Can the court grant a request for marriage counseling?


My wife has recently filed for divorce after almost two years of infidelity on her part and me trying to work past this and save the marriage. We were married in Michigan and have two children, one of which is biologically mine. She moved to South Carolina saying it was temporary and it would help us, but she never returned.

So I moved to South Carolina last month so I could be with my children and try to fix things with my wife. Once I got here, she filed for divorce. I also recently found out that she has gotten engaged to this other man.

I would like to still fix my marriage because we still get along great, and I still love her. Can the court grant me a request for marriage counseling and stall the divorce process? Also, if a divorce is unavoidable, does the fact that we’ve been living separate make her affair OK in the eyes of the court?




First I must preface my answer that I do not practice in South Carolina. Because each state has laws governing dissolution of marriage, it is important that you seek the advice of a domestic litigation attorney licensed in South Carolina prior to taking action.
Most states are no-fault divorce states, which means the petitioner simply needs to allege that the marriage is irretrievably broken or some other equivalent language. Other states have a fault divorce option. In that case, in theory you could argue that the divorce should not be granted because you are not at fault and don’t want the divorce; however, there is strong public policy against forcing a party to stay in a marriage they don’t want to be in. You should contact an attorney licensed in South Carolina to determine that state’s position on court-ordered marriage counseling.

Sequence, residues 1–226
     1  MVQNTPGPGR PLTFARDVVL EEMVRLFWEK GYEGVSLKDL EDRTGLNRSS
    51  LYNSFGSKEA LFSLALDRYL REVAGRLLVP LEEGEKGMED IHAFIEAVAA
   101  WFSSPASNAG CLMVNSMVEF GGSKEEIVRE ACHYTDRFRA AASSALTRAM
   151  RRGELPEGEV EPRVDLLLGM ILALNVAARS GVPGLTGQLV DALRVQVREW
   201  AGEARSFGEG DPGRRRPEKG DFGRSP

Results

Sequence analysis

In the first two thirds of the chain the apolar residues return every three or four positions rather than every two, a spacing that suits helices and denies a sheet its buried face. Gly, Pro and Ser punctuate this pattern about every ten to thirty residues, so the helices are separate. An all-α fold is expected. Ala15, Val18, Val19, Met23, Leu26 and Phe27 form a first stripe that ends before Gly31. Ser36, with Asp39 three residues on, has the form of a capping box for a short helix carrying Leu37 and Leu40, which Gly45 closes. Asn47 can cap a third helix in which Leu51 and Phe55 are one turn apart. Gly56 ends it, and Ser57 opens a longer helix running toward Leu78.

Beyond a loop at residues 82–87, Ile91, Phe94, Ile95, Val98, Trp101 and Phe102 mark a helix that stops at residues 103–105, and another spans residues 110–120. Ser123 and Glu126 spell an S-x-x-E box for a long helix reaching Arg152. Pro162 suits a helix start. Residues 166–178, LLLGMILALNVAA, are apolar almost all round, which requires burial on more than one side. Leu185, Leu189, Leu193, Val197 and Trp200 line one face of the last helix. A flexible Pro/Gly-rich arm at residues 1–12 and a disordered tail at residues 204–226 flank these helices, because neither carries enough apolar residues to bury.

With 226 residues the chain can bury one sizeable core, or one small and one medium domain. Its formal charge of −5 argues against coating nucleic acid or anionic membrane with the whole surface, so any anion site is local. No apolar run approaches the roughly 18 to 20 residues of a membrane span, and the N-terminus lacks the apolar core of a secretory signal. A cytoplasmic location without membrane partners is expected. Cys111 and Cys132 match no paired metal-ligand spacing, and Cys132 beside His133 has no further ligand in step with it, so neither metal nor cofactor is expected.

If the divorce is unavoidable, and I will assume you are referring to a no fault divorce option, then the court will not rule on whether the affair was justified. However, the issue of the affair could have an effect on the issues of custody and alimony.

Again, it would be to your benefit to contact an attorney licensed in South Carolina before taking any action.


Nancy R. Shannon, a Nebraska native, is an Associate Attorney in the Omaha, Nebraska office of Cordell & Cordell, P.C. She is licensed in the state of Nebraska where her primary practice is exclusively in the area of domestic relations. Ms. Shannon received her Bachelor of Arts degree from Doane College and her Juris Doctor from University of Nebraska – Lincoln, where she was a finalist in a Moot court competition and active in Client Counseling activities.

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2 comments on “Can the court grant a request for marriage counseling?

    Do you know of cases in Indiana where on party got the judge to order marriage counseling before divorce?

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